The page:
Electric-car maker Tesla Motors (NASDAQ:TSLA) is sticking to its most recent timeline shared with investors for its Model X launch. Promising it would deliver a "small number" of Model X units by the end of the third quarter, Tesla has now started taking orders for the vehicle and has set a specific date for first deliveries: September 29.
First production cars will be handed over on Sept 29 at our Fremont factory— Elon Musk (@elonmusk) September 2, 2015
The Model X is a crucial step in the company's big-picture plan to grow its business. Here's why.
It's a huge bet
Tesla isn't taking preparations for Model X production lightly. The CEO said on Instagram that it's just launched Production Line 2, which will initially produce only Model X and commands 542 robots. This far surpasses the roughly 130 robots used for the Model S production line before the first sedan was delivered. Musk also noted on Instagram that the line's central assembly point will host 15 robots operating simultaneously. This investment in an army or robots highlights the seriousness of the production line for Model X.
How big is the bet, exactly? As long as the orders keep coming in, planned production capacity is enough to at least double Tesla's current sales. This is why the company said in its second-quarter letter to shareholders it was "highly confident of a steady state production and demand of 1,600 to 1,800 vehicles per week combined for Model S and Model X." Pairing this with Musk's prediction during the company's second-quarter earnings call that Model X will represent slightly more than half of this weekly rate, the company is, therefore, expecting about 11,000-plus Model X sales a quarter once production ramps up. This is right around where Model S deliveries are today.
It will make or break investor confidence
Today, Tesla could appear to some as a one-hit wonder. But with the Model X, Tesla aims to show the world it can execute exceptionally at each major step in its plan to build a large automobile business.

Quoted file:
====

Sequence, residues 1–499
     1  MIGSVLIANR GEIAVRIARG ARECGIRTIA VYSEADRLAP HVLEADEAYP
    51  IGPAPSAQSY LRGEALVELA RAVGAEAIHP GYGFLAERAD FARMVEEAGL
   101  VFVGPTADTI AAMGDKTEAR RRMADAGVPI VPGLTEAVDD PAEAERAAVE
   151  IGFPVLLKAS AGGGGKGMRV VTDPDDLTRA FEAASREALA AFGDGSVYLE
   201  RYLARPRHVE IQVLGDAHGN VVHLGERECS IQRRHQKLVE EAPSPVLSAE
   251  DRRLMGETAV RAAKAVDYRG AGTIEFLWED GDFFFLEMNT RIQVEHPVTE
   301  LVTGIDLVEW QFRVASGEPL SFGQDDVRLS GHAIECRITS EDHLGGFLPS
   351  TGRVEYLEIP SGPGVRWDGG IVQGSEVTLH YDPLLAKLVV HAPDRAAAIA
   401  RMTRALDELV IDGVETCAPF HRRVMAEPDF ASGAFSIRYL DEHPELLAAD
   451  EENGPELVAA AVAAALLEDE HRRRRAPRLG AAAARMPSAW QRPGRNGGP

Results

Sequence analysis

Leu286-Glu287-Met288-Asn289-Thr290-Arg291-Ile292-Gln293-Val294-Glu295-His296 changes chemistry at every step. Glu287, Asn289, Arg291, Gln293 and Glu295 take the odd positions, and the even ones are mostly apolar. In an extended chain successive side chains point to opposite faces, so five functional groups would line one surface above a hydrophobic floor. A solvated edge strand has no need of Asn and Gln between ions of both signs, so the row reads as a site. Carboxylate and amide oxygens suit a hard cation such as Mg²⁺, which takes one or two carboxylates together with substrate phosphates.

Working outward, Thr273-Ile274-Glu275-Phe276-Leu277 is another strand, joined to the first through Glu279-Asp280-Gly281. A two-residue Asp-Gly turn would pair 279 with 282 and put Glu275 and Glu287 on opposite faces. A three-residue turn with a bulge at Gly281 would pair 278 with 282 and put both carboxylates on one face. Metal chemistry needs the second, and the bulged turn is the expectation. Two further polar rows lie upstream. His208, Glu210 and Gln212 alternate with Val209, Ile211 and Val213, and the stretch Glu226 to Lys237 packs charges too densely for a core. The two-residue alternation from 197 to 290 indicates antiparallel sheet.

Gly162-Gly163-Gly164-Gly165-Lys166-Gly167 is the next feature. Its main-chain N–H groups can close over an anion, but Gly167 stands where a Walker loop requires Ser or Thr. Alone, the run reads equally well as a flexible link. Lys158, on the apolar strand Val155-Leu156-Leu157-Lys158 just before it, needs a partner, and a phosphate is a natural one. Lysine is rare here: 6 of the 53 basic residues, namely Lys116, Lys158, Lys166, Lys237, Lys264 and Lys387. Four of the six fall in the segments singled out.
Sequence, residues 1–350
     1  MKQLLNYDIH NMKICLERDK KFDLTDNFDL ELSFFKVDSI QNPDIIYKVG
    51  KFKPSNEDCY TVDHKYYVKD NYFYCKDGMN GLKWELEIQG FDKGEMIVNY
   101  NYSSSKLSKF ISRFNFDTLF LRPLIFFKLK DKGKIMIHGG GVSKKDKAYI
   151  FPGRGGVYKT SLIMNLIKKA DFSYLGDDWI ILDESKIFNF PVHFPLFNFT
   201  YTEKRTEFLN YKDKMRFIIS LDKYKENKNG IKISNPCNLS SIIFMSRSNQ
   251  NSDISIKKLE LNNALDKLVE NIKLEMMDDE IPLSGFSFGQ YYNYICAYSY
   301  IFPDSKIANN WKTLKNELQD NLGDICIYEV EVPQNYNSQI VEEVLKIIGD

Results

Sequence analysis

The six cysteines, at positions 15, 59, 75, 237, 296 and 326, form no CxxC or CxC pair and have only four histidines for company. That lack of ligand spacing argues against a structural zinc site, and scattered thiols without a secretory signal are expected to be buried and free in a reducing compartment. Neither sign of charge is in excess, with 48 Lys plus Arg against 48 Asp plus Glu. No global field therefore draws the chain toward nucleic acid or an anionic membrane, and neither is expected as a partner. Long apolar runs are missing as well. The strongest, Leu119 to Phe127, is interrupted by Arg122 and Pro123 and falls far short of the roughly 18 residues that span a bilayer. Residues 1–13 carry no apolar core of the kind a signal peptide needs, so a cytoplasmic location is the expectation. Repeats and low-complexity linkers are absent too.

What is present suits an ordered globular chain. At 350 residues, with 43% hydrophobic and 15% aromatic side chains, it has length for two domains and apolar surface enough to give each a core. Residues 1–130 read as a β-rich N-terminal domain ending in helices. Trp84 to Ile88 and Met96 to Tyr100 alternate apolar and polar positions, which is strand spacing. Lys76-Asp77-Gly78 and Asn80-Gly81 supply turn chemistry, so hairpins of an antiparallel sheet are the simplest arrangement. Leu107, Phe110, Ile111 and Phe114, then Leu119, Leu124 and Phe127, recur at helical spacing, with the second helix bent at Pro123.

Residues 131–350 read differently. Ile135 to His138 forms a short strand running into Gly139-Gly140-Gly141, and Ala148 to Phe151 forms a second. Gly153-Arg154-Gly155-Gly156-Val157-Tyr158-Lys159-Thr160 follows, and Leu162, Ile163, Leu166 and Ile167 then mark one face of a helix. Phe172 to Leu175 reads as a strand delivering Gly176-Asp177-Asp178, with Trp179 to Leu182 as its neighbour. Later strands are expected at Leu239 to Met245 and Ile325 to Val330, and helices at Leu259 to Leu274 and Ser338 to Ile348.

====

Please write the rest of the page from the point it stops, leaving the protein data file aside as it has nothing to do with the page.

While Tesla has launched two cars so far, the company's Model S sedan was its first clear attempt to outdo comparably priced gas cars. Its Roadster, a sporty two-seater, was simply a proof of concept -- a way to get enough people to believe in Tesla so that the company could move on to producing Model S. The Model S, however, was the real deal -- and it has since been smothered with accolade after accolade.
But can Tesla replicate the success it has had with Model S with its Model X SUV?
Confidence is building already. As Tesla confirms its launch date, and Model X is becoming a reality, the market is reacting positively to the news. There are several possible reasons to account for this optimism.
First, the company is achieving more notable functional and technical achievements than ever before. For instance, Tesla is actually following through with its "falcon wing" rear doors -- a significant achievement in design and practicality. Able to open up and then out, the doors offer a number of functional benefits current SUVs lack, including not having to worry about hitting the car next to you, as well as space to actually walk in and out of the vehicle as opposed to hunching over when stepping in or out. Not to mention these flashy doors' undeniable style, backed by approval of over 20,000-plus deposit-backed reservations. Furthermore, the Model X' storage space will downright put available space in every other SUV to shame.
Finally, with Model X's launch so far ahead of any competition in the space, Tesla continues to solidify its first-mover advantage in a proven market for fully electric vehicles with 200-plus miles of range.
Going forward, the two important questions investors will be waiting to get answers to are:
- How fast can Tesla ramp up production?
- Will the order book grow?
Daniel Sparks owns shares of Tesla Motors. The Motley Fool owns and recommends Tesla Motors. Try any of our Foolish newsletter services free for 30 days. We Fools may not all hold the same opinions, but we all believe that considering a diverse range of insights makes us better investors. The Motley Fool has a disclosure policy.